Swami-like and pedagogical in skullcap, glasses, corduroy blazer, and striped tie, with the first Beatitude (“Blessed are the poor in spirit…”) tattooed on his wrists, Aaron Weiss steps into the street after his band’s sound check and is promptly cornered by a young man wearing a homemade Aaron Weiss T-shirt. The young man has questions, questions; Weiss nods, smiles, radiates. The world is looking very worldly this evening, in Philadelphia’s Chinatown—the dazed conventioneers issuing from the nearby 1,400-room Marriott; the seamed faces of the homeless—but here outside the Trocadero Theatre, we’re running a slight spiritual temperature. Local theophile band mewithoutYou is playing a sold-out show, and the air holds the possibility that the kingdom of God, if it doesn’t descend to Earth tonight, will at least lower itself by a couple of inches.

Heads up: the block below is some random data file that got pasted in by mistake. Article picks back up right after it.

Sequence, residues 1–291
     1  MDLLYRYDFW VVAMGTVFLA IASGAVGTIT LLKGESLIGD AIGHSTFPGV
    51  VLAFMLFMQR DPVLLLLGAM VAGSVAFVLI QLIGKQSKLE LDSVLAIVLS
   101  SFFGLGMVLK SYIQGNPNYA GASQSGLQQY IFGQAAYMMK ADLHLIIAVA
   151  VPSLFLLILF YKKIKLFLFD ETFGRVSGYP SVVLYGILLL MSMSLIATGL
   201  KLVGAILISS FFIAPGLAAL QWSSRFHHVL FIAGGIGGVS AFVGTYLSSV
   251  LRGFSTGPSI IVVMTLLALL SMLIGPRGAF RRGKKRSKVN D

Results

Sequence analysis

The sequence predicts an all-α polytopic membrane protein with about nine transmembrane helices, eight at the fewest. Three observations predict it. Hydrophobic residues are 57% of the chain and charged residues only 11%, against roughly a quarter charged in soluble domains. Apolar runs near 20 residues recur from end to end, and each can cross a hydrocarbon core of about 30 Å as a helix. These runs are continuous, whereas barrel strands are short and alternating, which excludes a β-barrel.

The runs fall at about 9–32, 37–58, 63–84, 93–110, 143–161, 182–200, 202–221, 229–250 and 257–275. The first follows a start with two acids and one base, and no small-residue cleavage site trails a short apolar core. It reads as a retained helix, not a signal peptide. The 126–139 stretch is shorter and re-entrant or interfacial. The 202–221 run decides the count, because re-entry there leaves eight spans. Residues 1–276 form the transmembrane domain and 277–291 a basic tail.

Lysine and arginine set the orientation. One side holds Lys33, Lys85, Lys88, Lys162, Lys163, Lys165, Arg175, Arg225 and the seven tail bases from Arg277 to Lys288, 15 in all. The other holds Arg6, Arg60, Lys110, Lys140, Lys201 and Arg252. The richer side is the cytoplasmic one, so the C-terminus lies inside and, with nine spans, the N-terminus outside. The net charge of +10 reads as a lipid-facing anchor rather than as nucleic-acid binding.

Oh, to be a young believer in Philadelphia right now, where the spirit of Christian activism is mingling vigorously with an apparently unkillable strain of old-school countercultural Jesus-freakery. Here, if you’re listening, you’ll hear hosannas on the streets, and a flavor of tambourines. A band called Psalters mounts an ululating, multi-drum offensive against the capitalist hegemony. They dress the part, too—if you saw this lot coming on a dark night, you’d run. The dreadlocked Shane Claiborne is here, author of The Irresistible Revolution (2006) and a leader of a movement known as the New Monasticism. Claiborne co-founded the Simple Way community in Philadelphia’s Kensington neighborhood in 1998, and the area has since grown to include a branch of the young storefront evangelical church Circle of Hope. Weiss typically visits Circle of Hope on Sundays, before dropping by the Bawa Muhaiyaddeen Fellowship in West Philly. (Bawa Muhaiyaddeen was a Sufi sage to whose teaching Weiss’s parents introduced him.)